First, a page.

On Earthsea Revisited
Posted on 08 April 2016
So, I muscled through reading A Wizard of Earthsea. About halfway through, the generation-prior writing style stopped sticking in my craw, and honestly, it reminded me a lot of reading the old Icelandic Sagas, but I am still of conflicted thought.
I am having a hard time articulating my thoughts on it, but they coarsely come out to “The story was okay, but it felt derivative and meh, but I have no clue if that is because it is an ~50 year old book.” I mean, it won some hefty awards back in 1969 when it was published. But the very form of it does feel very much “old myth”, even down to the content and theme. Then again, I’m not sure how many stories had been told from the point of view of the wizard character at that point, so that might make it fairly original for its time. In fact, I can’t think of many books off the top of my head that are told from the point of view of an accomplished wizard. Pat Rothfuss comes closest, although the Kvothe of the main story still “in training”. While I’ve read a fair amount of Eddings, I never did read the Belegarath/Polgara books, so they might. But really, even when a character is magically imbued or destined, the story usually doesn’t take place with them being able to easily transform into a dragon to fight other dragons, or to casually cast magic for their purposes.
Fantasy, be it “Sword and Sorcery” or “High”, tends to focus on people who only just discovered their fledgling powers. I suppose by the end of The Wheel of Time, the main characters with magic had become pretty proficient with it, but by the time they have, 10+ books in, you were eased into it. In Earthsea, Ged/Sparrowhawk is more or less proficient after 80-100 pages. Rand was barely out of the Two Rivers by then in The Eye of the World, and even if try and map the much shorter trilogy of Earthsea onto the Wheel of Time, Rand and other “initial characters” had more or less learned how to not shoot their own foot off, much less be considered “fully trained and ready to fight dragons”. at the plot-equivalent spot (which I’d guess is somewhere around book 4 in WoT).
So perhaps that is the originality? We also more rarely see stories that start with a well seasoned character at all. Again, going to Eddings, Sparhawk in the Elenium actually was magically competent and already a seasoned warrior right out the door of The Diamond Throne, published in 1990. It is also hard to not notice the similarity in names between Sparrowhawk and Sparhawk, despite them being drastically different characters.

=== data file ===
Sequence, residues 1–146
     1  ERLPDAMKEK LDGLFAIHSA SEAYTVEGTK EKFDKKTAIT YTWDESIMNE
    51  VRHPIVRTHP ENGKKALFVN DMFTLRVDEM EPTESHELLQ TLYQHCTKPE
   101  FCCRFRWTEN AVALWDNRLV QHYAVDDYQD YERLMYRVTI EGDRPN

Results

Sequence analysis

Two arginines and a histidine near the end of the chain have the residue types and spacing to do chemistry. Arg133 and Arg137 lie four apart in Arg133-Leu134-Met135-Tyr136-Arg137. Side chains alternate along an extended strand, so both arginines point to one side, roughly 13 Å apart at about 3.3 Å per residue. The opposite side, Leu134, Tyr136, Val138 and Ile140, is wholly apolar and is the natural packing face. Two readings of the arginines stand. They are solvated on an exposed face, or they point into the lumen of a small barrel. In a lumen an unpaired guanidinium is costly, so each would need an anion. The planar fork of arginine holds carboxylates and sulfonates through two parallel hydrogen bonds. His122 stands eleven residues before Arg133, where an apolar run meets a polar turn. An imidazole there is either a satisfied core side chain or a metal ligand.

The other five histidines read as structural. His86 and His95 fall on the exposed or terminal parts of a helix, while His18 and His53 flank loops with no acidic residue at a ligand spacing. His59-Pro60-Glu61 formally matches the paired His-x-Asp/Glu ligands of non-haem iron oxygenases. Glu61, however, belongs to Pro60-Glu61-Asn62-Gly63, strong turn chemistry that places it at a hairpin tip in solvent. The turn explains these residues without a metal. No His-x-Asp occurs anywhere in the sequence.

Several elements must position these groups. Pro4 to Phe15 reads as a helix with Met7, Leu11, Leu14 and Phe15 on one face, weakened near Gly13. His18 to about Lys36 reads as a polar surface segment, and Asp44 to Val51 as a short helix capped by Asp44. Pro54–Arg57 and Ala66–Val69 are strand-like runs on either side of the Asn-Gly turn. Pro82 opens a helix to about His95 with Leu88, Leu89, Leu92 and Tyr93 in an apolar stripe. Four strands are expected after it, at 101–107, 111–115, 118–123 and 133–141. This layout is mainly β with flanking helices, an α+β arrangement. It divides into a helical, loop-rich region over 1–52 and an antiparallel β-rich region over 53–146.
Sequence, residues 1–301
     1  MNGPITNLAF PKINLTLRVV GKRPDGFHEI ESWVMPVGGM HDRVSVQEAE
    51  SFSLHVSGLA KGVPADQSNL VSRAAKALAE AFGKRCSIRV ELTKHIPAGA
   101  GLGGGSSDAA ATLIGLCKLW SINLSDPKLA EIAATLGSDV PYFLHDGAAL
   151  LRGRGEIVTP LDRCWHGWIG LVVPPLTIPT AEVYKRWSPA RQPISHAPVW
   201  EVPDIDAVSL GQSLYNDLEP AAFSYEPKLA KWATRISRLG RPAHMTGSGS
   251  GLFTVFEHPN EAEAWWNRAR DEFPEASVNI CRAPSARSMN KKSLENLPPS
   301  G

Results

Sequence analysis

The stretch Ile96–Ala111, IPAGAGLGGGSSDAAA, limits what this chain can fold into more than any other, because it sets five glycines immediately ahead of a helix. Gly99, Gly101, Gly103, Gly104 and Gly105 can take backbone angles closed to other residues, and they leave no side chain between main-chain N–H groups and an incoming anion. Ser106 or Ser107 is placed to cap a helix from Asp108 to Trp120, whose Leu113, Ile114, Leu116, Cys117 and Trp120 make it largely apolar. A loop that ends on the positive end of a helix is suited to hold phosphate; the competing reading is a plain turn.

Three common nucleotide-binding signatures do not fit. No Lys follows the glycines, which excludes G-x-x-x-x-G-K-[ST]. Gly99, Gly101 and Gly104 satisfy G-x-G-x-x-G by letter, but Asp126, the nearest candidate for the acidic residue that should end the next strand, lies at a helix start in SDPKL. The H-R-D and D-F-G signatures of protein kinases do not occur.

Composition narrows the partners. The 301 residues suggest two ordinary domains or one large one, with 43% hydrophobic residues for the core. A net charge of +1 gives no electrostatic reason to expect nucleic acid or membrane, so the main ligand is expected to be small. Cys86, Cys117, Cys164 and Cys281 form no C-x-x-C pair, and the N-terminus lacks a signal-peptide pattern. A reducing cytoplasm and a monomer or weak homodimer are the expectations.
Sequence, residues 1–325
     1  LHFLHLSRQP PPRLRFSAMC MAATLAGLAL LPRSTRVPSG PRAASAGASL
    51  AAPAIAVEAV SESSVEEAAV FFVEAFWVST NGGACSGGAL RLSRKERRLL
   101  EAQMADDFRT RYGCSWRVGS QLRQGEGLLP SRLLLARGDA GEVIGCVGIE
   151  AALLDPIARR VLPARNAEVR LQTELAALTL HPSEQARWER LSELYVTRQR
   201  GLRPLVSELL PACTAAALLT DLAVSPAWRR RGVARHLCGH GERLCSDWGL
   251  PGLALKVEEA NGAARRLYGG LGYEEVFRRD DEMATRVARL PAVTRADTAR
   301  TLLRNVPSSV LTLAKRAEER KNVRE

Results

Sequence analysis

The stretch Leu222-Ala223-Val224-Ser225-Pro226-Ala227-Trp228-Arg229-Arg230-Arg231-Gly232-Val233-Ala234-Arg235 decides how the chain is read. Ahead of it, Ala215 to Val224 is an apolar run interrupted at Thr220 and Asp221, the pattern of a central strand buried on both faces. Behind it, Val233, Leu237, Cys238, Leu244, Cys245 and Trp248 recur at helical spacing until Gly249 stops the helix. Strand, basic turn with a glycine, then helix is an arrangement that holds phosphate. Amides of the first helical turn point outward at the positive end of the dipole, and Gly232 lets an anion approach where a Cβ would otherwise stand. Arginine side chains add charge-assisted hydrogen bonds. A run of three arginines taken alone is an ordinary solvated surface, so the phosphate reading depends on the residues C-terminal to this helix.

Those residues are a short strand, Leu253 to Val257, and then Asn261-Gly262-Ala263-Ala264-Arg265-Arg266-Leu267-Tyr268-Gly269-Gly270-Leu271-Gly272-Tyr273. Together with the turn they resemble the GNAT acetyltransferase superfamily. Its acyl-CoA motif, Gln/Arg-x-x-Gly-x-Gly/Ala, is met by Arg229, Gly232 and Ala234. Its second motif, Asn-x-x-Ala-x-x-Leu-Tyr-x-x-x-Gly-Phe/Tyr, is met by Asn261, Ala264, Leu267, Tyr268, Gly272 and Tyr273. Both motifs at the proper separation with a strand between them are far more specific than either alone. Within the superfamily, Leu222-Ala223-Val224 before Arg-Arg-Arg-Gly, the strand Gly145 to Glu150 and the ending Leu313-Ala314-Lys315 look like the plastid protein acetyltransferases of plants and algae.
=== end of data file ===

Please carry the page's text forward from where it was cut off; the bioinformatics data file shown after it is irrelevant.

And I have to admit, I really do enjoy this more rare style of character, one that isn’t a naive farmboy/girl just discovering their powers and the world at the same time. Sometimes, it is nice to see someone who has already come into their own have to deal with something that makes even them pause and wonder. It kind of gets beyond that “you are the chosen one” mentality of a lot of fantasy, where the only real reason bumbling under-trained protagonist beats the seasoned mastermind villain is because of coincidence and plot armor.
Not that I don’t enjoy a good underdog story, but when so much fiction is rooted in that narrative (usually for the purpose of making the protagonist also the reader stand-in to discovering the world), sacrificing a bit of the more “natural” exposition of the idiot learning for just occasional straight up exposition can give a nice payoff at the end as the villain is more believably and satisfyingly defeated by competent and evenly matched heroes instead of fate, circumstance, and luck.
And honestly, it probably explains why even when I was 18 and writing my first manuscript, I wanted my main characters to be in their early 30s.